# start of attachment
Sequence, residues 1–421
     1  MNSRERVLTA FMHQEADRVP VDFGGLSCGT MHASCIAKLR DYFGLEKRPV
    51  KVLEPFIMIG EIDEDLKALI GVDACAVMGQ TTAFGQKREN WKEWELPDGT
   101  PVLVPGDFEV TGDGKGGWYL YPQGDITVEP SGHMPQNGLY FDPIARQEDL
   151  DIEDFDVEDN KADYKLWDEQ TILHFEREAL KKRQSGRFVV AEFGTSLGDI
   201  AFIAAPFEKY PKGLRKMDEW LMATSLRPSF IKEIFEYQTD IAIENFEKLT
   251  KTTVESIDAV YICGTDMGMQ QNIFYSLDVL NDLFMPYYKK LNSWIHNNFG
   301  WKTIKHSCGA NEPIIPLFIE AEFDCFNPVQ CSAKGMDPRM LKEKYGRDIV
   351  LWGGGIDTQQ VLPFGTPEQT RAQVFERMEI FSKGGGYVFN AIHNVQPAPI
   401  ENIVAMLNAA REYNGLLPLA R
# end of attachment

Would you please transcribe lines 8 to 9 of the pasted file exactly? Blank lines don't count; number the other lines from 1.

   301  WKTIKHSCGA NEPIIPLFIE AEFDCFNPVQ CSAKGMDPRM LKEKYGRDIV
   351  LWGGGIDTQQ VLPFGTPEQT RAQVFERMEI FSKGGGYVFN AIHNVQPAPI